A major change in the office market has been brought about by the outbreak of the coronavirus. Not only has covid-19 rewritten the design of office interiors to ensure the safety of workers, with the average of 6-7 square metres per employee increasing, but telecommuting and hybrid working seem to be becoming more permanent. Landlords have sought to retain tenants through more flexible contract terms and higher design contributions.  

The uncertainty created by the war between Russia and Ukraine has been exacerbated by the ongoing energy crisis, which has slowed transactions in the office market. In this situation, landlords are working with tenants to rationalise their energy costs. The focus on ESG has become even more timely, as environmentally conscious and energy efficient solutions offer the potential to reduce tenant costs. The rent gap between modern developments and older buildings has widened further, while increased development costs are encouraging landlords to promote tenant engagement by 'greening' their existing older buildings.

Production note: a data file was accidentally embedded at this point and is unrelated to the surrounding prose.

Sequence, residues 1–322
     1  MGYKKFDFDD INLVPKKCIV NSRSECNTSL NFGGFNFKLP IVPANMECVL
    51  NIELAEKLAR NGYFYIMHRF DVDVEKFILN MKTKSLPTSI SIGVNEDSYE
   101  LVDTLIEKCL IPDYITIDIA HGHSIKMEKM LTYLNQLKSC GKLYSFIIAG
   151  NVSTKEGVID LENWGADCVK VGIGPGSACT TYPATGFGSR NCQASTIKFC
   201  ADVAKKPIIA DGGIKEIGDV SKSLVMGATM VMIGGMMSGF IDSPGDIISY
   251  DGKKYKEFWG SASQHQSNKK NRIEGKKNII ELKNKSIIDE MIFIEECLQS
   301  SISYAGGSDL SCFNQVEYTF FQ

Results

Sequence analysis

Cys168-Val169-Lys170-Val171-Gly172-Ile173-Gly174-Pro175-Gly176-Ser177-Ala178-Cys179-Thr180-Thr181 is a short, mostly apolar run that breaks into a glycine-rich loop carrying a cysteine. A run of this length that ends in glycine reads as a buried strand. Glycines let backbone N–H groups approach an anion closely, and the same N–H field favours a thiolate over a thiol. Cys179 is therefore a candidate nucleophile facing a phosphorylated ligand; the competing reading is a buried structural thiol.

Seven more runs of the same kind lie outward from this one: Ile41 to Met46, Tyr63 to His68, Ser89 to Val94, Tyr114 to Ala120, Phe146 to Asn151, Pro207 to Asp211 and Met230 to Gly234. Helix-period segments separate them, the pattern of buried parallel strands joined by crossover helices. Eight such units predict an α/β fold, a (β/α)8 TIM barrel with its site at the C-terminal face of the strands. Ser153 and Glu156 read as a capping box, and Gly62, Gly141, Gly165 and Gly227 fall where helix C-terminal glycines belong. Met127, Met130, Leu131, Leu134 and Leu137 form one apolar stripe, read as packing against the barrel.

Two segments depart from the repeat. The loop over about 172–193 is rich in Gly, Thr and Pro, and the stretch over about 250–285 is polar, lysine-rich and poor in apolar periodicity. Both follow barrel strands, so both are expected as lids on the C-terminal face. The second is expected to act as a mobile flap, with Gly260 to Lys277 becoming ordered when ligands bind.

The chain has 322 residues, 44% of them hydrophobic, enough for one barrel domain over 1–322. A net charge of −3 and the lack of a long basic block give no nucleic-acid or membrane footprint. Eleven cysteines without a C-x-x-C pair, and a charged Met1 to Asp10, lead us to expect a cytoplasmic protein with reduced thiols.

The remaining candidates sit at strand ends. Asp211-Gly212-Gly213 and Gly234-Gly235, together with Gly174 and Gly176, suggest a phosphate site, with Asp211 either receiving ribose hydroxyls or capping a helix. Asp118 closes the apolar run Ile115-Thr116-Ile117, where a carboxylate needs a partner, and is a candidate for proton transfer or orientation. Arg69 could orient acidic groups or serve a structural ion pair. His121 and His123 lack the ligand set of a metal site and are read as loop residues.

Having passed the 4 million sq m mark in the first quarter of this year, total modern office stock in Budapest now stands at 4,176,000 sq m, of which more than 80% is Grade A and B modern speculative office space, with the remaining 82,400 sq m owned. Four new office buildings of more than 82,000 sqm have been added to the capital's office market, with the handover of Millenium Gardens Phase 1, Budapest One Phase 2 and 3, Major Udvar and the privately owned Bosch Campus. Vacancy rates continued to rise, reaching 11% for the first time since 2016. The average premium rent in Budapest is EUR 24/m2/month, while the average rent for A-rated buildings ranges from EUR 14-17/m2/month. 

Average monthly rents

€ 14.00/nm – € 17.00/nm /hó

Total stock

4.176.000 nm

Vacancy rate


Currently under construction